Forget Stephen King. The Bottle of Lies. In The Inside Story of the Generic Drug Boom , writer and investigative journalist Kathryn Eban writes about real-life horrors more terrifying than any King novel. As sometimes happens, my reading group picked up this book that I had no interest in reading, and as is almost always the case, I ended up glad I read it. This engaging and exciting non-fiction book opens the door to the dirty secrets of the generic drug industry.

Eban begins by taking a closer look at Ranbaxy, one of the worst players in the generics industry, an Indian company that has thankfully gone out of business. He describes the founding of the family business and talks about the personal and professional lives of some of the key players. This society has been terribly, scandalously deceived from above. Management willfully and knowingly manufactured drugs without quality control, collected extensive data to get their drugs approved by the FDA, and provided fraudulent data in their rare FDA reviews. One of the reasons he spends so much time on Ranbaxy is that what they have done is not uncommon in the generic drug industry. Many other companies, particularly in India and China, run similar scams by falsifying their data for approval, hiding test data showing contamination or low potency, sourcing their active ingredients from dubious companies not listed on their official records, and much more. . keep doing it. One of the main characters in the book is Dinesh Thakur, an Indian-American citizen scientist who worked at Bristol-Myers Squibb in New Jersey, where he saw what carefully regulated and conscientious pharmaceutical research and manufacturing looked like. His friend, also Indian, convinced him to move to Ranbaxy, where he and his new wife could be closer to their families in India and become part of the burgeoning Indian pharmaceutical industry. Thakur was a good man with a strong moral character and he could not be a part of what he finally realized was going on in Ranbachi. So he became a whistleblower, which killed you many times in India, and eventually found someone at the FDA who would listen to him. Amazingly, despite all the hard evidence Thakur presented, it took ten years for the FDA to finally get money for Ranbaxy, and even then, it had far less impact than it deserved. From there, the author moves on to other examples and other companies and American doctors and patients who have found that their generic drugs don't work as well as brand-name drugs, but not once does anyone listen to them. He delves into the inner workings of the FDA and explains why politicians often make drug approval decisions. Unfortunately, the book does not end on a hopeful note. many of the described problems remain unsolved.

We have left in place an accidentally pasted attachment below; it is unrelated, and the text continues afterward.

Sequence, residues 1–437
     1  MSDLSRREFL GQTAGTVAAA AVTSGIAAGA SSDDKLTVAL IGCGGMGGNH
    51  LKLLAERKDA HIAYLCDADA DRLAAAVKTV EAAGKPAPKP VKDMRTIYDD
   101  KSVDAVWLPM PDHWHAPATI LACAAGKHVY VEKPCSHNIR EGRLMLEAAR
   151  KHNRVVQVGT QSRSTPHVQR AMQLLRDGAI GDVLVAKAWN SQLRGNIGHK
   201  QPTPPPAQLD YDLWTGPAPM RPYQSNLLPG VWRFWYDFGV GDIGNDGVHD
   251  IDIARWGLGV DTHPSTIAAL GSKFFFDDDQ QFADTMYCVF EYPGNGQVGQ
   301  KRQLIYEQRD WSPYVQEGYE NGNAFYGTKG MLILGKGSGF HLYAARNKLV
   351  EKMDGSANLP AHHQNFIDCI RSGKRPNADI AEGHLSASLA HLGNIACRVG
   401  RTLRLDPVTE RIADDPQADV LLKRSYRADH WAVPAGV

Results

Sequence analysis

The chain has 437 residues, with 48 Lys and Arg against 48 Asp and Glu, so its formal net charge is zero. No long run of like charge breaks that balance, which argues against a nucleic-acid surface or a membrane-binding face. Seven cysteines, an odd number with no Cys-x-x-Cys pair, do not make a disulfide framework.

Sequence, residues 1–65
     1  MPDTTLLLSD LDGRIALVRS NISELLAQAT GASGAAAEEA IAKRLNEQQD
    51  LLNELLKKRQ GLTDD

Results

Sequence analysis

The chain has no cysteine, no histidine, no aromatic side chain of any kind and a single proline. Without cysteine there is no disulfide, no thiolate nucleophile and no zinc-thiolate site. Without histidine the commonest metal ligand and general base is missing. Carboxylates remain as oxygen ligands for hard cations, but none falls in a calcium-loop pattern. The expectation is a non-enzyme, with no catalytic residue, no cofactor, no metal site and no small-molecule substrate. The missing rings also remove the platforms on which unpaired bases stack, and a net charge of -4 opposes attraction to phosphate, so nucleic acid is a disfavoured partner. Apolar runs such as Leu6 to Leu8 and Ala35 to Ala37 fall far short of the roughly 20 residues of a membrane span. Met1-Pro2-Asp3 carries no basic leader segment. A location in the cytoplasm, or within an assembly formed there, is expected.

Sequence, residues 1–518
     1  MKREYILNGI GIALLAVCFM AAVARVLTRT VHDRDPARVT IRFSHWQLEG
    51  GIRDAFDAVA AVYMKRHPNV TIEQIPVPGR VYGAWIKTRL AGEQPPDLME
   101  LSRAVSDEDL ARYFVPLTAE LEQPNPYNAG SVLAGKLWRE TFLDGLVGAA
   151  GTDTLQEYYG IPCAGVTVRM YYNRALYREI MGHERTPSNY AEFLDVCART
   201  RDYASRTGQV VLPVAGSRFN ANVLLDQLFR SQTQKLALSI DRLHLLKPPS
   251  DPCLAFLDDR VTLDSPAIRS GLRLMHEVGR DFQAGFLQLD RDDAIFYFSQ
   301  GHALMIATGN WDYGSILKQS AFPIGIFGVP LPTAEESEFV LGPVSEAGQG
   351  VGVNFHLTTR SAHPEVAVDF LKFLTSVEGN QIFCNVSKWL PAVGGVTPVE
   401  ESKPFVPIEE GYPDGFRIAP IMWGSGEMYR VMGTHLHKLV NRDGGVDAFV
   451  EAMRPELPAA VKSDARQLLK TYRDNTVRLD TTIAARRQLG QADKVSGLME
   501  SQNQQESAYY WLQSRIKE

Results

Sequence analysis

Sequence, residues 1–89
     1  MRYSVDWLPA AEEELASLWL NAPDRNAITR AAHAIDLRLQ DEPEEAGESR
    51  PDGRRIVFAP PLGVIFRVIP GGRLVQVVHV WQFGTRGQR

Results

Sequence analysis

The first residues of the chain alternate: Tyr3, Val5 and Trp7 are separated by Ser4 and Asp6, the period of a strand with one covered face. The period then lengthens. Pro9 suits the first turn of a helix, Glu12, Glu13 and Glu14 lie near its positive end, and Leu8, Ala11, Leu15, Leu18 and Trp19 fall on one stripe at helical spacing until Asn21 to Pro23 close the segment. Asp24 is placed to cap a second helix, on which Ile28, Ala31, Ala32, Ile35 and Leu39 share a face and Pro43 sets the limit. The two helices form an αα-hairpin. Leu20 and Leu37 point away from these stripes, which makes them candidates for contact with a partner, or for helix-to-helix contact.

I was very disappointed and shocked by this book. First, I rely on 15 different generic medications to help me manage my chronic condition. After I finished this book, my husband and I ran to our laptops to find out where our medicine was being made (not easy to find out) and if any of the more nefarious companies were involved in book laundering. I have also conducted such audits as FDA inspectors, but not in the pharmaceutical industry. I have worked in Quality Management Systems (QMS) and FDA Good Manufacturing Practices (which many of these companies scoff at) is a version of QMS. The idea that the company I tested would completely redact their data and records is unimaginable. It's certainly a fascinating book, but somehow it's "impossible to take your eyes off the car accident." I kept interrupting my husband's reading to tell him the horrible facts. As terrifying as this information is, I had no problem reading the entire book (and quite quickly). The book is very well written. because the author focuses on the people involved and tells a moving, exciting story that sometimes reads like a real thriller. Unfortunately, it's a thriller where most villains get away with their crimes. I will never look for a generic bottle again.

461 pages (although the text ends on page 410, the rest is a reference work), Ekko

reading problems.

B in the alphabet soup challenge

Nonfiction Readers Challenge (January 2nd is a record for me) - belongs to the Popular Science category.

diversity challenge

India in Books Around the World competition

Maryland in the Literary Escape Contest

Note: This post contains affiliate links. By purchasing through these links, I will receive a small commission (repo purchase) to compensate for the time I spend writing posts for this blog at no additional cost to you.

Check out my YouTube channel for more book fun!


Listen to a sample audiobook narrated by the author here and/or download it from Audible.


You can buy a book through , where your purchase supports your choice of independent bookstore (or all independent bookstores). the convenience of online shopping while also saving you money when you shop locally.


Or you can order a bottle of lie from the bookstore with free shipping worldwide.

It's Monday 1/24! What Are You Reading?

Hosted by The Book Date I am slowly recovering from COVID, slowly. Last week I achieved two important milestones. tested negative for Cov...